Their progress has translated into brighter economic outlooks. In its latest economic forecast, the World Bank raised Vietnam's annual growth prediction to 7.2% from 5.3% and Cambodia's to 4.8% from 4.5%.
The October edition of the index is the final installment, as some data sources will soon cease to be updated.
IMF forecasts Vietnamese GDP growth to continue at 7% this year
Vietnamese GDP growth is projected to surge by 7% this year, thereby taking the lead among the group of five emerging markets in Southeast Asia (ASEAN-5), according to the International Monetary Fund (IMF)'s World Economic Outlook Report for October.
Most notably, the IMF has described the country as a bright spot in the global economy and continues to forecast Vietnamese GDP growth to grow 7% this year, higher than its previous projection of 6%.
In line with this, Vietnamese GDP growth is the highest among the ASEAN-5 group that made up of Vietnam, Indonesia, Malaysia, the Philippines, and Thailand, reported the Vietnam News Agency.
The ASEAN-5 group is therefore forecast to grow 5.3% this year, rising from 3.4% last year, but will slow down to 4.9% in 2023, according to details given by the report.
The IMF’s latest report outlines that Asia's real GDP growth is projected to reach 4% this year, in comparison to recorded 6.5% last year.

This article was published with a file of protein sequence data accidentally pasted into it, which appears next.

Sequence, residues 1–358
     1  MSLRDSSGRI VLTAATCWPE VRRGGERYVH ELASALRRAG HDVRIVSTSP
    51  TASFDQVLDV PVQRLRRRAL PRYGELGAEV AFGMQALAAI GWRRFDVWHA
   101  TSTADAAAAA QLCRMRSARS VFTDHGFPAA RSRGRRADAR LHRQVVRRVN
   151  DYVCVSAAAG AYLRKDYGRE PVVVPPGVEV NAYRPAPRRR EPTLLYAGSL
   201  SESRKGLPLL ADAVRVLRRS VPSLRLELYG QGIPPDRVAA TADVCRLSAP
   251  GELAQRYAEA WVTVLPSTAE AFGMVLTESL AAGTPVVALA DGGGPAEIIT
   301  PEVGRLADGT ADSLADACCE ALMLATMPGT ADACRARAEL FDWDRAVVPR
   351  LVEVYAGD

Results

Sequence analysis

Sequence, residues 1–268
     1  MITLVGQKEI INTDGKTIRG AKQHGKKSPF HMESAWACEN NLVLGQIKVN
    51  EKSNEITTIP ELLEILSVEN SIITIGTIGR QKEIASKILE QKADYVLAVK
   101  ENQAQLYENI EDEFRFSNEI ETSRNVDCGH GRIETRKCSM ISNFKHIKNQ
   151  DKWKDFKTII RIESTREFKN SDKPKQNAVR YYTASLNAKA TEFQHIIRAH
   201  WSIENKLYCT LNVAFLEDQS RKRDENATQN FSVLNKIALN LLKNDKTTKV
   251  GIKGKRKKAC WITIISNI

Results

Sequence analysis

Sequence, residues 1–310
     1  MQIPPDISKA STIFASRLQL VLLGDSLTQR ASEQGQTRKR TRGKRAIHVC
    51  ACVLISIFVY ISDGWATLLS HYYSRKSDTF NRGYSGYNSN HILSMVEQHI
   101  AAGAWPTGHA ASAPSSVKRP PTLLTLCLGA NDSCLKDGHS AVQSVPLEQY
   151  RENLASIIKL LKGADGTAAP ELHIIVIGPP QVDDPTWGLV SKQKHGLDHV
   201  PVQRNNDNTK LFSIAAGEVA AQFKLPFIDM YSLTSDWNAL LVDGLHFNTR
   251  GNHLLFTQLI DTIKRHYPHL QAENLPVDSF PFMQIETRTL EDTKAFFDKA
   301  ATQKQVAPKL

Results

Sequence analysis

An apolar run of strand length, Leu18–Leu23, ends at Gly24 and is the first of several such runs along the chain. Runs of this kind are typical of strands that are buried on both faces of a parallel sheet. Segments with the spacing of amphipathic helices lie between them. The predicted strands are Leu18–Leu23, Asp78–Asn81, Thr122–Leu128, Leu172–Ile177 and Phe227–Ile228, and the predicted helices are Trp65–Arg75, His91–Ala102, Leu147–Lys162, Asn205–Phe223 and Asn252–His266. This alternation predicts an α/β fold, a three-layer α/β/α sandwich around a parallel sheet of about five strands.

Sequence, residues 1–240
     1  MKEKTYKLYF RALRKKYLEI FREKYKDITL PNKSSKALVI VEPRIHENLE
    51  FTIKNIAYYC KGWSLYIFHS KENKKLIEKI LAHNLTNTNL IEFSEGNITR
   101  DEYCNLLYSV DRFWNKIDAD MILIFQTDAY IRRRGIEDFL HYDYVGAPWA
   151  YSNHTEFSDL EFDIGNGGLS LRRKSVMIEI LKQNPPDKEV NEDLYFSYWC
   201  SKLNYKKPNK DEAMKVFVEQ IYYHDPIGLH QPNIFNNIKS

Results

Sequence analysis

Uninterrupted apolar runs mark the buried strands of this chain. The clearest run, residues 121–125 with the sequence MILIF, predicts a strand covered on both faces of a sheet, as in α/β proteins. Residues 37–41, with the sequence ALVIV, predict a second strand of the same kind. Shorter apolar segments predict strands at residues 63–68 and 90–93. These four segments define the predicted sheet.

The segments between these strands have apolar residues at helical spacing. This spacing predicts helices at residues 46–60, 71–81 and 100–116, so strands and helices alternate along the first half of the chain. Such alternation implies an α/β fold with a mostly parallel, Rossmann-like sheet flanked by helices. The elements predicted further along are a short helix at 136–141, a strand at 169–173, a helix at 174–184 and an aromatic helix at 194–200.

This represents the fourth time that the IMF has moved to lower its economic growth forecast for the region amid global instability as several major economies such as Europe, the United States, and China have experienced high inflation coupled with an economic growth slowdown.
According to details put forward by the IMF, the dynamic Asia region has been significantly affected by escalating commodity prices, lower demand from major economies, as well as the consequences of disruptions occurring in the global supply chain.
Emerging Asian economies are forecast to reach 4.4% this year, rising to 4.9% in 2023, representing a drop of 20 percentage points and 10 percentage points respectively compared to the IMF’s projection made in July. In 2023, Vietnamese GDP growth is also projected to slow to 6.2%.
Previously, international organisations also highlighted Vietnamese economic stability. For example, in the World Bank’s East Asia and Pacific Update in October, Vietnamese GDP growth is projected to stand at 7.2% compared to the projection released in June of 5.8%.
In the latest ASEAN+3 Regional Economic Outlook (AREO 2022) report, the ASEAN+3 Macroeconomic Research Office (AMRO) also outlined an optimistic prediction for the Vietnamese economy by raising the country’s GDP growth to 7% from 6.3% in July./.